NETHERLANDS – The European Medicines Agency (EMA) has issued a final guideline for evaluating antibacterial medicines that is globally consistent with other regulators’ guidance.

The document, according to the EMA, addresses a “critical need for new antibacterial agents suitable for treating infections in patients with few remaining therapeutic options.”

The revised guidance was released following a public consultation in 2016 and reflects the outcomes of discussions between regulators in the EU, the US, and Japan to align their respective data requirements for antibacterial drugs in order to accelerate the development of such medicines globally.

The guidelines will go into effect on December 1, 2022. It supersedes an earlier 2012 guideline. Along with the guidance, the addendum on evaluating medicines to treat bacterial infections in children has been revised.

The updated recommendations for primary endpoints, primary analysis population, and non-inferiority margins in trials to support certain infection site-specific indications for use are included in the guidance.

The revision also clarifies clinical programs designed to meet an unmet need and includes new treatment guidelines for uncomplicated urinary tract infections and uncomplicated gonorrhea.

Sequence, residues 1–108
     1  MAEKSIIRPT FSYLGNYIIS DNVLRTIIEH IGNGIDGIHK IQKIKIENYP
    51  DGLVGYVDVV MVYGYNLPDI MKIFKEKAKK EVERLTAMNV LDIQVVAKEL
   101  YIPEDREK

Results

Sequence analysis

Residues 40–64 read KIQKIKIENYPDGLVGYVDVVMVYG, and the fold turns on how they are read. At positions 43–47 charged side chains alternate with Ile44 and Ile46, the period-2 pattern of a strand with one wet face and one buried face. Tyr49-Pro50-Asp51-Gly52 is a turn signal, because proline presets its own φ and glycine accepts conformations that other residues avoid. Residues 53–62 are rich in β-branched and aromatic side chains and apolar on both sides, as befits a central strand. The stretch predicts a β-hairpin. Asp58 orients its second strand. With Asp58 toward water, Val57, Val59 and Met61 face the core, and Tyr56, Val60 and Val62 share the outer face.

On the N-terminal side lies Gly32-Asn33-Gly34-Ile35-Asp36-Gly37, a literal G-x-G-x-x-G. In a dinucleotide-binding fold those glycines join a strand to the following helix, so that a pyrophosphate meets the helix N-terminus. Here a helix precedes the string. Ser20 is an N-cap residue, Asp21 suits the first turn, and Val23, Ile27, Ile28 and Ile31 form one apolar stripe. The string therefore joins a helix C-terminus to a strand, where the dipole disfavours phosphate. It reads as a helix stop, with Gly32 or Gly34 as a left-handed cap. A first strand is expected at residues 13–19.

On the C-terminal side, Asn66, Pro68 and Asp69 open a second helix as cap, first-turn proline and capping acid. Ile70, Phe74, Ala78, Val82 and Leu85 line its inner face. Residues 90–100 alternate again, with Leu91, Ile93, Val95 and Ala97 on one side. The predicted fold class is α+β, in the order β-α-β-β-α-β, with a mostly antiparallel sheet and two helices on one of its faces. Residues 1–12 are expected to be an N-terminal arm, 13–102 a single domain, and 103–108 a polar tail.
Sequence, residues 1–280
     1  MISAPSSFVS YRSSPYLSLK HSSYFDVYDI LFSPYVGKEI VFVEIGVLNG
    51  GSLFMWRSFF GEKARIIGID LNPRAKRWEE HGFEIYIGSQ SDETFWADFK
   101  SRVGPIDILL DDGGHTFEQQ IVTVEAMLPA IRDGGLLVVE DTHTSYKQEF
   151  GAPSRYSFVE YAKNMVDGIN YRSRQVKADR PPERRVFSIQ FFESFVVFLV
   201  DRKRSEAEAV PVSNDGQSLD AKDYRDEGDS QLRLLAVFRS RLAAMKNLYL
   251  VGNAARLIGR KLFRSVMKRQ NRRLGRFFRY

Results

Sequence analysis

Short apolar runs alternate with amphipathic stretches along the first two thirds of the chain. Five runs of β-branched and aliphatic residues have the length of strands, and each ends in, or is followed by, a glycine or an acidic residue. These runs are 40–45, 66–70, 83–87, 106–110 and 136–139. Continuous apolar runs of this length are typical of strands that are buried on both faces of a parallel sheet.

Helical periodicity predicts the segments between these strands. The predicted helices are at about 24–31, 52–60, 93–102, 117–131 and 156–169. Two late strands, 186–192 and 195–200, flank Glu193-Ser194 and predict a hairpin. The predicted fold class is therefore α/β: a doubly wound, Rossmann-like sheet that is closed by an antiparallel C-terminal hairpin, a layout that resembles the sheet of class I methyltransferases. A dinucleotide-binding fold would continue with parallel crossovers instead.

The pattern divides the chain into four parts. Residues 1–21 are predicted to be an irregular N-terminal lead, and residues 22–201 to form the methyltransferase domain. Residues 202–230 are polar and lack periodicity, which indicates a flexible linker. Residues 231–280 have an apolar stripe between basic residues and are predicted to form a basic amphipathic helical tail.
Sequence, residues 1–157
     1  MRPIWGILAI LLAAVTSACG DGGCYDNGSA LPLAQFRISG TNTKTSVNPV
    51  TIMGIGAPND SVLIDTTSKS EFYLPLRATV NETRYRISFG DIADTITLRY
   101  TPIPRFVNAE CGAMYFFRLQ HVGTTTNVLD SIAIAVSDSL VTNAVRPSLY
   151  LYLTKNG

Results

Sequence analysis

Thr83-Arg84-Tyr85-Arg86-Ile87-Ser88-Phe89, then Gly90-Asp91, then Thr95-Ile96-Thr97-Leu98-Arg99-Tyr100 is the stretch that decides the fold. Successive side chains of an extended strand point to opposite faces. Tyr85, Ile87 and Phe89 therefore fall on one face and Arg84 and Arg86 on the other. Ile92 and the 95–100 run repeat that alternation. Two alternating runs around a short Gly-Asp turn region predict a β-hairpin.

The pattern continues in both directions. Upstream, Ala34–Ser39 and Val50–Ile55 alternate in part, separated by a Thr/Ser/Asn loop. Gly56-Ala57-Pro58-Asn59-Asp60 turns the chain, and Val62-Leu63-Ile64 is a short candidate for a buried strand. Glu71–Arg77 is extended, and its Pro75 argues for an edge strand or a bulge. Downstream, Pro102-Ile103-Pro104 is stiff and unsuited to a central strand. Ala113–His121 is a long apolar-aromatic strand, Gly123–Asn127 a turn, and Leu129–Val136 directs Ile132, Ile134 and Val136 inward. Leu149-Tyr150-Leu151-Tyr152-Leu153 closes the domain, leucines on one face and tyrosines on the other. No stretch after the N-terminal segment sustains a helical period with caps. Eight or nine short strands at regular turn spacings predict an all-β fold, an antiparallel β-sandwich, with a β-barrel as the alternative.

Antimicrobial resistance is a global threat that causes an estimated 33,000 deaths per year and costs €1.5 billion (US$1.6 billion) per year in healthcare costs and productivity losses.

A section on antibacterial pharmacokinetic and pharmacodynamic development is also removed because these topics are already covered in separate guidance.

The document applies to antibacterial agents that have been developed as single agents, antibacterial agents that have been developed for use in combination with one or more other specific antibacterial agents, and beta lactam (BL) agents that have been developed for use with beta-lactamase inhibitors (BLIs).

Some of the principles covered in the guide, according to the EMA, are also applicable to developing agents that affect bacterial virulence, bacteriophages proposed to treat infections, agents that indirectly inhibit bacterial growth and replication, and monoclonal antibodies used as a prophylaxis for specific indications.

The guidelines cover microbiological investigations as well as general clinical program considerations such as patient selection, clinical evidence of infection at enrollment, and microbiological evidence of infection at enrollment. It also covers sample collection and dosing regimens.

Other topics covered include when to transition patients from parenteral to oral therapy and how to compare antibacterial agents to licensed agents.

Children’s antibacterial development

In addition, the EMA issued an addendum addressing clinical development programs to support medicines used to treat bacterial infections in children.

The guidance, published on May 20, replaces a draft version published in April 2018.

EMA stated that “for the treatment of some infections, efficacy results can be extrapolated in certain age groups by looking at efficacy data from adults.”

The addendum mentions that companies developing new antibiotics need to develop an extrapolation concept and provide details about it in an extrapolation plan.

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